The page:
In 1554 Palladio made his last trip to Rome and in the same year published a fine guidebook to the antiquities of Rome, Le antichità di Roma. During the next year a group of Vicenzans, including Palladio, founded the Accademia Olimpica for the furthering of arts and sciences. In 1556 Daniele Barbaro, a Venetian humanist, published a commentary on the architectural treatise of the ancient Roman writer Vitruvius for which Palladio made the illustrations. At the same time Palladio designed for Barbaro and his brother at Maser (ca. 1555-1559) one of the loveliest of all villas. The Villa Barbaro (now Volpi) is set into a gentle hillside. The central, two-storied casino with a temple front of Ionic half-columns and pediment is flanked by single-story arcades connecting it to the service buildings, for the villa also served as a farm. In the 16th century the nobility of the Veneto attempted to improve the agricultural productivity of the land, and their villas served as residences during the periods when they supervised the farming.
Palladio's first architecture in the city of Venice was the commencement of the monastery of S. Giorgio Maggiore, whose refectory he completed (1560-1562). This was followed by the church of S. Giorgio Maggiore (1565-1610), which has a basilical plan with apsidal transept arms and a deep choir. The facade (designed 1565, executed 1607-1610), with its temple front on four giant half columns flanked by two half temple fronts on smaller pilasters, is Palladio's solution to the translation of a Christian church design into the classical mode. He applied a similar facade to the older church of S. Francesco della Vigna (ca. 1565). The Palazzo Valmarana (1565-1566) in Vicenza uses giant Corinthian pilasters, except at the ends, to emphasize the planar aspect of the facade adapted to its urban location.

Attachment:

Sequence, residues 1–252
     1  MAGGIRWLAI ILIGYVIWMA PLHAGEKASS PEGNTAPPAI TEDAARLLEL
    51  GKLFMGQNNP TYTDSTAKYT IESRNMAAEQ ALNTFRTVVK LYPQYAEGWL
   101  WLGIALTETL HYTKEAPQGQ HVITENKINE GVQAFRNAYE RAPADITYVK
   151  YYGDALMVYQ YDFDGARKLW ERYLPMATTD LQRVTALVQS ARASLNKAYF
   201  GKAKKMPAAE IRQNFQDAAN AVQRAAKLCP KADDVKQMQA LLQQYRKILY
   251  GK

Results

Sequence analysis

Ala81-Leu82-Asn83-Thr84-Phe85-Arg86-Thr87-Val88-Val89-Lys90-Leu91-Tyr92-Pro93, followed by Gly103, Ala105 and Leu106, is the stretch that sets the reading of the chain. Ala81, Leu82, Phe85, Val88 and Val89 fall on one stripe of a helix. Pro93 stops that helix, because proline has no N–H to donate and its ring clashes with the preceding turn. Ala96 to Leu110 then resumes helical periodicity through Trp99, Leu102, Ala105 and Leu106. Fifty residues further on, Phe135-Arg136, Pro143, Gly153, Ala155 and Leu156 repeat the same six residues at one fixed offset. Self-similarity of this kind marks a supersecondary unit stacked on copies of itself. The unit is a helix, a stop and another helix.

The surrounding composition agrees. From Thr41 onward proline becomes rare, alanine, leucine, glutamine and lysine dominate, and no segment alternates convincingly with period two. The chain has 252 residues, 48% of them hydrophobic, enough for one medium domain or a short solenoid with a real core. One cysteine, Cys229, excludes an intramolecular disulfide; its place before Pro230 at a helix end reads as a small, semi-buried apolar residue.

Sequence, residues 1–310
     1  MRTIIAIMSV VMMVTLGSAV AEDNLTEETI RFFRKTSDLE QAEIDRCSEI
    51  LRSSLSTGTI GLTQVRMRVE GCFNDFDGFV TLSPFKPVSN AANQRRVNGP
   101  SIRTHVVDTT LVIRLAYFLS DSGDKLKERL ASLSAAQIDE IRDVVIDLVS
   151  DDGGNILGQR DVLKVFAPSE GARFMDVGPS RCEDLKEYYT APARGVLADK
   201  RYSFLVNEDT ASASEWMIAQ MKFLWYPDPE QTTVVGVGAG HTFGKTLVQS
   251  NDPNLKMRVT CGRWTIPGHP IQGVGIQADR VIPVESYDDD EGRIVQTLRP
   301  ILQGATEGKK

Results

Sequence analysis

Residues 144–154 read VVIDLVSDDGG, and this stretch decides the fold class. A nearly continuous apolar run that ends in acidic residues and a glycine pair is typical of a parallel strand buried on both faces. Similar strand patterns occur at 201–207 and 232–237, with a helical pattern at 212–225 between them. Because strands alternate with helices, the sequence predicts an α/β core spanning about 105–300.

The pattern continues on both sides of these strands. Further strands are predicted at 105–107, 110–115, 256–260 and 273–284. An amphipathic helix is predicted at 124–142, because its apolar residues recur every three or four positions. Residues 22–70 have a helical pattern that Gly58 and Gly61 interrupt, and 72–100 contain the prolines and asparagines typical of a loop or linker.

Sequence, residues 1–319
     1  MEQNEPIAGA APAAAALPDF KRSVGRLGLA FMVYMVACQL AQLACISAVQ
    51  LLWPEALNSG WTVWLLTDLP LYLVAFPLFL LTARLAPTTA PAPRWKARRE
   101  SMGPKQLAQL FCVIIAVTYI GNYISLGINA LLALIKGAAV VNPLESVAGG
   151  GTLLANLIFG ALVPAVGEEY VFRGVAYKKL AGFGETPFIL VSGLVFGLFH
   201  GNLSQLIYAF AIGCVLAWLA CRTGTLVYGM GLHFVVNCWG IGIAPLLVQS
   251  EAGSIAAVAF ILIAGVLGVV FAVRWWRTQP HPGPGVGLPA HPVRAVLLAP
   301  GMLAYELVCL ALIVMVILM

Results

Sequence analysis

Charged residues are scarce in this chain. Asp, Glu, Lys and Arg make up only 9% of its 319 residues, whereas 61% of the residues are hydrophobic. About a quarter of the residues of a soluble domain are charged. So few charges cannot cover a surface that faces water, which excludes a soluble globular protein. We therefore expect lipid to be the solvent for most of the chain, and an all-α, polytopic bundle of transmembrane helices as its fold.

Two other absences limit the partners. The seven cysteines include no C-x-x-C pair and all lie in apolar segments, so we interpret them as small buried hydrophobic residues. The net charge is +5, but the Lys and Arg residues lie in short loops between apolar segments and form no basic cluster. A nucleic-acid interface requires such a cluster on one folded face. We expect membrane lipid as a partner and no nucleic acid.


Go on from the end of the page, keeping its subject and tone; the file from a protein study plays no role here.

Palladio's treatise on architecture, I quattro libri dell' architettura (1570), consists of four books. The first is devoted to technical questions and the classical orders, the second to domestic architecture, the third to civic architecture, and the fourth to ecclesiastical architecture. It is illustrated by ancient architecture and the works of Bramante and Palladio himself.
The truncated Loggia del Capitaniato (1571-1572) in Vicenza has giant half columns with an arcaded loggia below. In many of its details this design reveals an unclassical spirit. The short side, however, is modeled on an ancient triumphal arch and commemorates the victory of Lepanto in October 1571, which occurred while the loggia was being executed. As the chief architect of Venice, Palladio designed the festival triumphal arch and the decorations to welcome the entry of King Henry III of France to Venice in July 1574.
To fulfill a vow of salvation from the disastrous plague of 1575-1576 the Venetian Senate commissioned Palladio to build the Church of the Redentore (1576-1592). Perhaps influenced by the Church of the Gesù in Rome, it is a wide basilica with side chapels and a trilobed crossing with deep choir. The facade, approached by monumental stairs, is a more unified version of his earlier church facades. For the Villa Barbaro at Maser he designed a separate chapel, the Tempietto (1579-1580), modeled on the ancient Roman Pantheon.
Palladio executed a theater, the Teatro Olimpico (1580), in Vicenza for the Accademia Olimpica. Based on the design of an ancient Roman theater, the auditorium is segmental in plan, facing a stage modeled on a Roman scaenae frons. The perspective stage scenery in wood and stucco was added by Vincenzo Scamozzi after Palladio's design. On Aug. 19, 1580, Palladio died in Vicenza.
Through his treatise Palladio exerted a dominant influence on architecture for over 2 centuries, particularly in northern Europe. There were two major periods of Palladianism in England. In the first half of the 17th century Inigo Jones converted English architecture to the Italianate Renaissance by introducing Palladio's style, seen best in the Banqueting Hall, Whitehall, London, and the Queen's House, Greenwich. The second wave of Palladianism was fostered in the early 18th century by the Earl of Burlington. Palladio's treatise was published in 1715 in an English translation by Giacomo Leoni. American architecture felt the impact in the late 18th and early 19th century, as seen in Thomas Jefferson's Monticello.
An excellent study of Palladio in English is James S. Ackerman, Palladio (1966). For a discussion of the villas see Ackerman's Palladio's Villas (1967). The fundamental study of Palladio's theory and its relation to his practice is in parts 3 and 4 in Rudolf Wittkower, Architectural Principles in the Age of Humanism (1949; 3d ed. rev. 1962). The Centro Internazionale di Storia dell'Architettura in Vicenza is sponsoring in English a Corpus Palladianum of about 30 volumes, the first of which is Camilo Semenzato, The Rotonda of Andrea Palladio (trans. 1968).